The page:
One of the great rituals of American politics is the First Big Profile of a potential presidential candidate in one of the Newspapers of Record. This Sunday’s New York Times Magazine’s cover story is Matt Bai’s initial take on Mark Warner. (You can read a summary, and down in the comment thread, the actual text, here.)The piece is generally interesting, and fair to its subject, but it suffers from an obsession with Warner’s potential rivalry with Hillary Clinton. Much of Bai’s analysis looks at Mark Warner as a non-Clinton, an anti-Clinton, and even as a Clintonian Not Named Clinton. It would have been nice if Bai had devoted a few graphs to what Warner might represent if Hillary does not run, just as an analysis of Hillary’s husband in 1990 might have benefitted from the assumption that Mario Cuomo might not run.But IMO, Bai redeems himself with a very solid paragraph about Warner’s particular appeal to rural voters in the South and elsewhere:
Warner’s constant theme, which a lot of Washington politicians talk about but few seem to actually understand, was the need to modernize for a global economy. The days when you could walk down the streetand get a job at the mill were over, Warner would say,and new jobs — the state gained more than 150,000 ofthem on his watch — would require new skills and infrastructure. So Warner, working with Nascar, pushed through an accelerated program that enabled 35,000 more Virginians to get high-school equivalency degrees, and he introduced a program to deliver broadband capacity to 20 Southern counties. “In the 1800’s, if the railroad didn’t come through your small town, the town shriveled up and went away,” he told me once, explaining his rural program. “And if the broadband Internet doesn’t come through your town in the next few years, the same thing will happen.” If he ultimately decides to run for president, Warner will try to build a national campaign around this same technology-driven approach.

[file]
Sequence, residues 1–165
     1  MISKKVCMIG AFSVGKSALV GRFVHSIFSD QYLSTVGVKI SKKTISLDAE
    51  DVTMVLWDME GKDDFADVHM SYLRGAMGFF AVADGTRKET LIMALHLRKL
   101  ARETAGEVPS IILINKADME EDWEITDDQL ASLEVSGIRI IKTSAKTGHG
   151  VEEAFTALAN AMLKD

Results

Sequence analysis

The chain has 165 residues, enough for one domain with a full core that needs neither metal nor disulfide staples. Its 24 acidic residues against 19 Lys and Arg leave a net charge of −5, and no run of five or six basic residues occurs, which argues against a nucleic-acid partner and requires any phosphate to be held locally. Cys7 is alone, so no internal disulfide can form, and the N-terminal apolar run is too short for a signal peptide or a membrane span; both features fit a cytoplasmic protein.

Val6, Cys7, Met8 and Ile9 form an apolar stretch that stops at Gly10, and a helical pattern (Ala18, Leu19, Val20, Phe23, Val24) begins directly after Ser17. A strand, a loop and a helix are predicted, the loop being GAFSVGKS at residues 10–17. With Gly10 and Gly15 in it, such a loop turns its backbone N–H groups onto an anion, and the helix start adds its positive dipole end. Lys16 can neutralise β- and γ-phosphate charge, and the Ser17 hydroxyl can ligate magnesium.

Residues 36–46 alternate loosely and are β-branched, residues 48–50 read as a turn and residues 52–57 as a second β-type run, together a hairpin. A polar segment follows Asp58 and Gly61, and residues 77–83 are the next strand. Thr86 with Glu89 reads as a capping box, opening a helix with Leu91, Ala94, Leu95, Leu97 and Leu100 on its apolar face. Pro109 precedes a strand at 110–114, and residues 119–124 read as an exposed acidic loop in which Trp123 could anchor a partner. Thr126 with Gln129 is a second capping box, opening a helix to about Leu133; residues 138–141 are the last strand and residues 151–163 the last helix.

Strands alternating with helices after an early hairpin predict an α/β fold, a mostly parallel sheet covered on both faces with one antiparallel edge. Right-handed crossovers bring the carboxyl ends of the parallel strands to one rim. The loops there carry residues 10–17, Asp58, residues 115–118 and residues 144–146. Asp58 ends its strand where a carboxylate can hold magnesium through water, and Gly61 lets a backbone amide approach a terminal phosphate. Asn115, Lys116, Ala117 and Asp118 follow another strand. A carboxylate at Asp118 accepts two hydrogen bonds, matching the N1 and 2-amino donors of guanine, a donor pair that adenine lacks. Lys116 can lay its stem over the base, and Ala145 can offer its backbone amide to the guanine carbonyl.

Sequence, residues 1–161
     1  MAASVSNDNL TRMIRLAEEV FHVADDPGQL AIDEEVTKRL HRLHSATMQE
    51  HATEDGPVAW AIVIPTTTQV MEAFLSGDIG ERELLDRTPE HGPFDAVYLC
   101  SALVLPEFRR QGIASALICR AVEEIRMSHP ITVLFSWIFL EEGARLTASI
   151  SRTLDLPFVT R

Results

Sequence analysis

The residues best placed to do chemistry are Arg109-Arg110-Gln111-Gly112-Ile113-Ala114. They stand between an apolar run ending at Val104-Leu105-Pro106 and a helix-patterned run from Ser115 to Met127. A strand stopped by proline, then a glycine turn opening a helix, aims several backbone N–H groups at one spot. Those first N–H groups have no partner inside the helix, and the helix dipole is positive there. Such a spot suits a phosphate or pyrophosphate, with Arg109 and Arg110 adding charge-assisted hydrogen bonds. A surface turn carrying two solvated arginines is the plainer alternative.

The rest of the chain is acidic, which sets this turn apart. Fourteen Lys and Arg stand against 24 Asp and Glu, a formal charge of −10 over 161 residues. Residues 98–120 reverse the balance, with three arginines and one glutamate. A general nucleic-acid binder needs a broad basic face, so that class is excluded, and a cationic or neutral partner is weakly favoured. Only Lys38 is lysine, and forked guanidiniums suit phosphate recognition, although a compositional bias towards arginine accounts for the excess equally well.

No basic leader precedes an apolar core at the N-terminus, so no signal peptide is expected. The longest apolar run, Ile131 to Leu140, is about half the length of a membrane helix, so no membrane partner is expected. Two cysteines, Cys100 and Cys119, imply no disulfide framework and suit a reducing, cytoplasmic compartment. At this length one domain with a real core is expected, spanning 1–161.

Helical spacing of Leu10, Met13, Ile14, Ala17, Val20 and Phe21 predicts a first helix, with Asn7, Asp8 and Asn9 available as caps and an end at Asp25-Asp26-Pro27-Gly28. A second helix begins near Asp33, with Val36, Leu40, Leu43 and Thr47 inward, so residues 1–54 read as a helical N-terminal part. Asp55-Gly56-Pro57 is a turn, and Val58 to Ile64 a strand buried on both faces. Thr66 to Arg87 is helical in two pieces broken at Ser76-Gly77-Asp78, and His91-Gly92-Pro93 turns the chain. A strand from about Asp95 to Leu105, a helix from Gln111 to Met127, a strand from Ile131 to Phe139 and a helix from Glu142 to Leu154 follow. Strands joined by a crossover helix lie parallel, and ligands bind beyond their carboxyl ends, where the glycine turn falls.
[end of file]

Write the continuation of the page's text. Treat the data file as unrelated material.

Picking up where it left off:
This take on Warner’s potential appeal to southern and rural voters is a nice corrective to the conventional wisdom that in Virginia he just seduced the folks by hiring bluegrass bands and Nascar teams and coming out for huntin’ and fishin’. All these things mattered, but his real pitch to rural Virginians tired of losing in the Old Economy was that the New Economy offered new hope, not a new threat. This is a message that could resonate in “backward” areas all over the country. And ironically, Hillary Clinton has spent a lot of time mining this very promising vein as well.Bai rightly suggests that Warner, like any governor, has to come up with a clear message and agenda on national security. But it would be helpful if journalists profiling Warner, or Hillary Clinton for that matter, would contrast potential 2008 Democrats not just with each other, but with the former governor in the White House who is so thoroughly screwing up international and domestic policy every single day.